Novation Remote ZeRO SL MkII
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Novation Remote ZeRO SL MkII

Remote ZeRO SL MkII, Other MIDI Control Surface from Novation in the Remote series.

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Review of the Novation Zero SL Mk II

review Novation Remote Zero SL MKII
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When Novation announced Automap Universal at the 2007 NAMM many were instantly intrigued by the concept. Many producers and long time fans of MIDI control were eager to get this revolutionary product integrated into their set up. Now with the Mk2series and Automap 3 available, Novation seems to have taken their product to a new level. Does it live up to expectations?





The software that arrived with my original Remote Zero SL (MK1) back in ’07 certainly didn’t disappoint. Plug-ins and virtual instruments that would have usually taken a substantial amount of time to map were instantly displayed across the unit's two displays. The ease and speed of further customisation was also impressive for a version 1.0 product.


Since 2007, I have been an avid user and regular beta tester of the Novation Remote SL line and their associated Automap technology, so when the chance to review the new Mk2 version of the Remote Zero SL came up I was more than happy to take delivery of the unit and give it a test run.


Out the box


When the Remote Zero SL Mk2 arrived I was particularly interested in seeing what changes had been made to the hardware unit itself. On unpacking the unit it became immediately obvious that they had decided to give the Remote a complete makeover. Although the main case is still plastic, Novation has adopted a silver, metallic effect throughout giving the unit a more impressive finish. But don’t let the plastic case fool you, the build quality is excellent throughout and this thing feels as if it will last. However, it does feel like a studio machine and I’m not sure how well it would hold up to the rigours of a touring act The unit can be used out of the box as a desktop unit or the extra supplied ‘feet’ can be installed, presenting the Remote at a steep angle. I found the latter to be the better option and the viewing angle to be perfect. My last Remote Zero was always propped up on something to get it to a useable angle, so this is certainly a welcomed addition.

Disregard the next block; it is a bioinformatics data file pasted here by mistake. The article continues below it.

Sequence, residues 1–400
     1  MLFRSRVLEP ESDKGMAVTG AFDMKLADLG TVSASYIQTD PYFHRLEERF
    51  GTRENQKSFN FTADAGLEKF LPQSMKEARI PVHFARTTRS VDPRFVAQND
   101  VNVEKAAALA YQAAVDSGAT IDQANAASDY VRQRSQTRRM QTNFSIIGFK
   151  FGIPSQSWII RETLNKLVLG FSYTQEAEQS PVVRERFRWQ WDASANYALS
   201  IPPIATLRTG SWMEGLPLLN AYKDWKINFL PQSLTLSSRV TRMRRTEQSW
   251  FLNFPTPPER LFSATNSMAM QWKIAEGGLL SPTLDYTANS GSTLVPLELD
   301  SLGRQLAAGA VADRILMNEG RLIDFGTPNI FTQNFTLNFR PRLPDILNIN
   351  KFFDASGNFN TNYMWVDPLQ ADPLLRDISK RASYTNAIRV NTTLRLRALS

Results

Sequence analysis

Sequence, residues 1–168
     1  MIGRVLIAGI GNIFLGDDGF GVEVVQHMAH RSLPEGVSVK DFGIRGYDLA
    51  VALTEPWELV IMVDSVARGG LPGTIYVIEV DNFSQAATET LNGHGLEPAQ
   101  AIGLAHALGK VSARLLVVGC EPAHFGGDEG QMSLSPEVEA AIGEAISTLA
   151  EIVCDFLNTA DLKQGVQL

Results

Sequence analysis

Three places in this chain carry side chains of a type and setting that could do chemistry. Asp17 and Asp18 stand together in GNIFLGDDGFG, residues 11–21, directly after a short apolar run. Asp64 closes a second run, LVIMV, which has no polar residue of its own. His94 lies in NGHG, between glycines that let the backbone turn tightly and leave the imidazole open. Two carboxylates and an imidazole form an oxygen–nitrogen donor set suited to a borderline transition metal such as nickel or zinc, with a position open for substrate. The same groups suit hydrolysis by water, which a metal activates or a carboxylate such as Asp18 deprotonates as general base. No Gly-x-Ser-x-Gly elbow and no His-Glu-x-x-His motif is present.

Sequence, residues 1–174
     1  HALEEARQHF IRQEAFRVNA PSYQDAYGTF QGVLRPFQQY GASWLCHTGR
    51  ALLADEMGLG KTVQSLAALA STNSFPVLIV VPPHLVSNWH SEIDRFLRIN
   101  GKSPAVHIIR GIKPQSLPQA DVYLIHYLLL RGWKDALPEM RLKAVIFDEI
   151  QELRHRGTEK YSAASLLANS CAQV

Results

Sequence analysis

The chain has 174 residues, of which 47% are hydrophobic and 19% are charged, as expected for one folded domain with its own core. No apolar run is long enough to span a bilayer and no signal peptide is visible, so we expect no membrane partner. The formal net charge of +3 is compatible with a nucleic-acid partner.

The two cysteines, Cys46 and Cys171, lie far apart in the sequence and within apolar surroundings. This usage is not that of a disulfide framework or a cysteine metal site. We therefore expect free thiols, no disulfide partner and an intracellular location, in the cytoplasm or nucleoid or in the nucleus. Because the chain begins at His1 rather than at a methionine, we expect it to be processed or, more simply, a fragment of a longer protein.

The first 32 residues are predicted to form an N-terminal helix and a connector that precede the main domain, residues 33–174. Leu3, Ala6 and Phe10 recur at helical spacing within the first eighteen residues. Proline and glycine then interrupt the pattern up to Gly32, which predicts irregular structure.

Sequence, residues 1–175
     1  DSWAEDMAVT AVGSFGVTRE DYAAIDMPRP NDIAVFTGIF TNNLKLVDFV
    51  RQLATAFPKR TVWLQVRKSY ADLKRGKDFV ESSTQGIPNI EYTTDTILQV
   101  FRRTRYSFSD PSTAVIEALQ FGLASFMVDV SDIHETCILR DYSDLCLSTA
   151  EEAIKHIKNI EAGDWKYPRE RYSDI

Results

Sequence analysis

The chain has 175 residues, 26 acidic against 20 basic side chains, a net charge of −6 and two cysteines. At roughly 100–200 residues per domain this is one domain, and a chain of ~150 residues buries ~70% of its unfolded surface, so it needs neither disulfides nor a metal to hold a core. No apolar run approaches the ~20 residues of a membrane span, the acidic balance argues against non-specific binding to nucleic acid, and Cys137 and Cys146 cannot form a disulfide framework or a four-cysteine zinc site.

Knobs and faders


As far as the control panel goes, several drastic changes have been made in this area too. The two screens have been dropped for one. Novation say this is due to the pop up, transparent ‘HUD’ mode now available in the Automap software but you can’t help but feel that this is a money saving exercise. For me at least, two displays were certainly a nice feature on the previous unit and it really is s shame to see them go. Parameters from the banks and buttons on the right hand side of the unit are now displayed on the main display when they are used. This works fine but doesn’t give the user as much of an overview of the instruments current state.